Andy Baylock has a gift - one that he shares sometimes 300 times a day with the Connecticut Tigers. The gift is a rubber arm and the ability to use it accurately, over and over again. The long-time former coach of UConn Husky baseball and football is in his 14th season as a volunteer coach at Dodd Stadium, and at 76 years old, still throws the best batting practice going.
"It's a gift, and when you get a gift, you have to use your gift," says Baylock. "And I use my gift every day that I possibly can. Sometimes the body gets tired, but the arm is fine."
For 40 years as a baseball coach at UConn, including 24 seasons as Head Coach, Baylock combined his legendary batting practice sessions with the ability to create a successful environment for his ball clubs. He led the Huskies to 556 wins, three NCAA Tournament appearances, and two Big East titles while coaching future major leaguers Charles Nagy, Roberto Hernandez, and Pete Walker. "You have to be fun to be around," says Baylock. "Its one of my basic things. Be good people, be dependable, be accountable, be responsible, be caring, be loyal, be self-disciplined, be respectful."
He brings those same qualities to the Connecticut Tigers every day, with an infectious positive energy and youthful enthusiasm that meshes perfectly with this year's coaching staff.
"The kids love him," says Tigers Hitting Coach Scott Dwyer. "He helps keep everything loose. We have a real loose coaching staff, and Andy fits right in there. To be honest with you, it feels like Andy is our fourth coach."
Dwyer values Baylock's everyday presence with his hitters as an invaluable resource towards their growth. "His batting practice is unbelievable," says Dwyer. "It's just off the chart. And he has a plethora of information and knowledge."
A lifelong son of Connecticut, his knowledge of the game dates back to a truly unique experience, as a state championship catcher with the New Britain High School Hurricanes in 1955. There he caught the mythical Steve Dalkowski, who in baseball lore, is believed by many to have thrown harder than anyone who ever lived. Nobody knows exactly how hard the wild lefty - who both struck out and walked more than 1300 batters in nine minor league seasons - actually threw. However, Baylock can speak on good authority to the legend of Dalkowski, who pitched before radar guns were invented, when asked if he caught the fastest pitcher of all time.
"Without a doubt," Baylock answered. "I've spoken to people in professional baseball - Earl Weaver and all those guys who had something to do with him, and there was no question. You learned how to have soft hands in a hurry. Because that index finger in that left hand would get awfully bruised. You'd get a day when it gets dark and the ball would get a little dirty, and you'd catch it with your chest protector."
After graduating from Central Connecticut State University, where he was both a baseball and football captain, his career took him beyond the state's borders - first to the University of Michigan as a graduate assistant football coach, for two years as a pitching instructor with the U.S. Senior National teams, and as a volunteer coach in the Cape Cod League. However, his heart remains loyal to Connecticut, and particularly UConn, where he has been a part of athletics for 51 ½ years and currently serves as Director of Football Alumni/Community Affairs.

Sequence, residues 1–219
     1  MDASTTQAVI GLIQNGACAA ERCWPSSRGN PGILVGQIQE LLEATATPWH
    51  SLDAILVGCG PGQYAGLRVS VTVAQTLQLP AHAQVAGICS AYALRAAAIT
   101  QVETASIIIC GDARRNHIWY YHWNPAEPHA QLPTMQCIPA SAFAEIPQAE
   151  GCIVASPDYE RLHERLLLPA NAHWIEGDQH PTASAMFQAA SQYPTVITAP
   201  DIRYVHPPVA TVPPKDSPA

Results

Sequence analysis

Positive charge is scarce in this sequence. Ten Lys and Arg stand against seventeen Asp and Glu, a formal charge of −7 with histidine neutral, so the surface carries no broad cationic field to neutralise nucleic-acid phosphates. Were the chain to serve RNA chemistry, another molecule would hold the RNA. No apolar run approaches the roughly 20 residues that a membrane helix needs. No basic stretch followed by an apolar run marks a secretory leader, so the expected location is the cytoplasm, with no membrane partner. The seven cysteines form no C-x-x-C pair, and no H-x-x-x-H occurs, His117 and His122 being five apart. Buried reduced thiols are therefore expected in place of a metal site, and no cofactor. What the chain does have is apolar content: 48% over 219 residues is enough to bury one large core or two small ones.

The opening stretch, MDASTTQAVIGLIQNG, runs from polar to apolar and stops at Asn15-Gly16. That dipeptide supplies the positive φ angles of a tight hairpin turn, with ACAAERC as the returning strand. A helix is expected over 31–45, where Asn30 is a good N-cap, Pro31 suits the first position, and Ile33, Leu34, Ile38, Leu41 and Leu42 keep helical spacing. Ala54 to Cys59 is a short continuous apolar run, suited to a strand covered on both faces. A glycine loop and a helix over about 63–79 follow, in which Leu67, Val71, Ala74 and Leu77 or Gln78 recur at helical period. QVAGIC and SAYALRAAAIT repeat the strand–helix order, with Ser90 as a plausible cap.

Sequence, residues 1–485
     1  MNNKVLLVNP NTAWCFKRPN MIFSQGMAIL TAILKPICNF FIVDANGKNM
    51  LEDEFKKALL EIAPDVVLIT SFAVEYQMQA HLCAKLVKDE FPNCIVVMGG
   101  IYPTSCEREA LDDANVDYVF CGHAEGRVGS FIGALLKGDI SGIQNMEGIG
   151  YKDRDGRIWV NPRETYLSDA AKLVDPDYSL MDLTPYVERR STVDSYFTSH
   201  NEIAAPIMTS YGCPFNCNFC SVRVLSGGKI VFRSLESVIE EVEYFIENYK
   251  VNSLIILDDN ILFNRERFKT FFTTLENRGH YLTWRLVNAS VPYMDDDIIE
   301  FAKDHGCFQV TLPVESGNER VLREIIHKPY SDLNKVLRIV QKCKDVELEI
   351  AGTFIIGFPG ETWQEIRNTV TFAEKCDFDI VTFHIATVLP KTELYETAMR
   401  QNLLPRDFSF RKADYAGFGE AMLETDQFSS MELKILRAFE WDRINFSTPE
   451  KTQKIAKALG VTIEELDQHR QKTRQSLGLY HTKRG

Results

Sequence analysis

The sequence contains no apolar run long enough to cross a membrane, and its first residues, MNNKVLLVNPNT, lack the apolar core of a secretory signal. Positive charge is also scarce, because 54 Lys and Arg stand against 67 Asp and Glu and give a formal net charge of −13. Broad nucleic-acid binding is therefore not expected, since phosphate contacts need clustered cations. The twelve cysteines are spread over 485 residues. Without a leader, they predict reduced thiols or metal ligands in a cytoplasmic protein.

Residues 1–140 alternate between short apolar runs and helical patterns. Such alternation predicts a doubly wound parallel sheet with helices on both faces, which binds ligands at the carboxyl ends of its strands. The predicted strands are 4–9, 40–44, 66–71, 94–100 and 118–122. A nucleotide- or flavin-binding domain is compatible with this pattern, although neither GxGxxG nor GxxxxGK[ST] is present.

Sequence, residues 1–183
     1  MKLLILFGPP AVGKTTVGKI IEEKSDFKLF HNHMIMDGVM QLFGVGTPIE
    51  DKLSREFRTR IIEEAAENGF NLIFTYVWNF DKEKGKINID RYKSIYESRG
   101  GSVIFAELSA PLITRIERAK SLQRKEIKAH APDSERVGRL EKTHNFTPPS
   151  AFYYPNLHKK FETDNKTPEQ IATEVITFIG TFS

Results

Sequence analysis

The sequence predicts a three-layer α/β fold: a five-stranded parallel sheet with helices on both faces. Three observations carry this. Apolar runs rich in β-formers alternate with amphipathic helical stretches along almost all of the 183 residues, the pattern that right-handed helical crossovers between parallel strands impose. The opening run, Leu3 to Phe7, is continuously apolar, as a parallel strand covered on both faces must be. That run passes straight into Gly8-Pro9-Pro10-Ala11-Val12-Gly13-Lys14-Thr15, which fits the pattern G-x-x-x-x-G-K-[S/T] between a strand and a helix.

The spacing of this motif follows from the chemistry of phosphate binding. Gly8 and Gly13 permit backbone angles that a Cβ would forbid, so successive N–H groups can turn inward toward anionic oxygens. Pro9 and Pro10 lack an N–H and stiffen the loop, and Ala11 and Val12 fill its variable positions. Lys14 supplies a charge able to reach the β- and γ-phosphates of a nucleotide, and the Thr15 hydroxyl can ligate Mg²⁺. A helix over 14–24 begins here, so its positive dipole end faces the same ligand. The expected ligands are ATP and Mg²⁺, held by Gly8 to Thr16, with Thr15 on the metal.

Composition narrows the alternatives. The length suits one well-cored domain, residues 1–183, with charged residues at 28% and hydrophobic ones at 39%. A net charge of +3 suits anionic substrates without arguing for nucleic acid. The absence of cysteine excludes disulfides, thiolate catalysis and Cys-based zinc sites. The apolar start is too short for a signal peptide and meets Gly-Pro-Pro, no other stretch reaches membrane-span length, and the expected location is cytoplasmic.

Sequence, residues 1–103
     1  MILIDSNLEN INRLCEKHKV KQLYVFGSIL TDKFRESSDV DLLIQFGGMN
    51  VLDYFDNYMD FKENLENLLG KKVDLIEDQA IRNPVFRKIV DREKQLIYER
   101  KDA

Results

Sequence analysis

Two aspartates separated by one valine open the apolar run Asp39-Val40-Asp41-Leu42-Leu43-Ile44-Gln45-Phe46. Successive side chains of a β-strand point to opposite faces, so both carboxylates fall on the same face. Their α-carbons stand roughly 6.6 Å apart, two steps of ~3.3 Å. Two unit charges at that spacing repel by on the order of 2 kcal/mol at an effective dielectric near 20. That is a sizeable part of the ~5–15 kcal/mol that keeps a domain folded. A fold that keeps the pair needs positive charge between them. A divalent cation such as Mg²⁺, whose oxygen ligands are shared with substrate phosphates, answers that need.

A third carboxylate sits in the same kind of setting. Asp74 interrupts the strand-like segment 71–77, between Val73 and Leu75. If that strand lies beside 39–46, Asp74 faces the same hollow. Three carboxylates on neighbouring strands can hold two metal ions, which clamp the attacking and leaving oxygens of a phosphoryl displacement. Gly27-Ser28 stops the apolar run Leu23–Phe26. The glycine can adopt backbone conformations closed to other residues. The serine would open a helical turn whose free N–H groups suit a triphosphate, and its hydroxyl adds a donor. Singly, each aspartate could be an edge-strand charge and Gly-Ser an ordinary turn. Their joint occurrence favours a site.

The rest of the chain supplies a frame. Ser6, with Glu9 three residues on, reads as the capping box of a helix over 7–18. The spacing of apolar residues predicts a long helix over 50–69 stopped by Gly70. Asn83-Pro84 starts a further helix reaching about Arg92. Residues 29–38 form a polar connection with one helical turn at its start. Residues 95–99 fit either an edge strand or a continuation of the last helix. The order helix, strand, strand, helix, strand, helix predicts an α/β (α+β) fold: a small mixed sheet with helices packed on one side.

"Since the day I walked onto UConn campus, Andy has remained a mentor and close friend," says Nick Giaquinto, a star running back for UConn in the 1970's who won a Super Bowl with the 1984 Washington Redskins and currently is in his 28th season as Head Baseball Coach at Sacred Heart University. "He sincerely loves life and all the wonderful relationships he has developed over the years. He's a class act all the way."
By summer, Baylock remains a fixture at Dodd Stadium, where he has thrown batting practice to some of the best who ever played for the Norwich Navigators, Connecticut Defenders, and Connecticut Tigers. He says Nick Johnson was the best hitter he ever saw come through, but last year's World Series MVP Madison Bumgarner was his favorite. "I love that kid," says Baylock. "And he could hit, because he was always sneaking up in the batting cage asking for another 50 or 60 swings when nobody was looking."
Beyond his ability to throw strikes consistently in the batting cage, Baylock's dedication to doing so every day at Dodd Stadium exemplifies his pure love for helping players improve - something that is much appreciated by the team he volunteers for.
"I have the utmost respect for Andy Baylock," says Dwyer. "I love him like a father. He's a tremendous person who will do anything for anybody. There aren't enough words to say about what a special person he is and what an intelligent person he is. It's unbelievable the amount of knowledge this man has to share with people."
Andy Baylock's throwing arm may be a gift to him, but he himself is a gift to the Connecticut Tigers.
This story was not subject to the approval of the National Association of Professional Baseball Leagues or its clubs.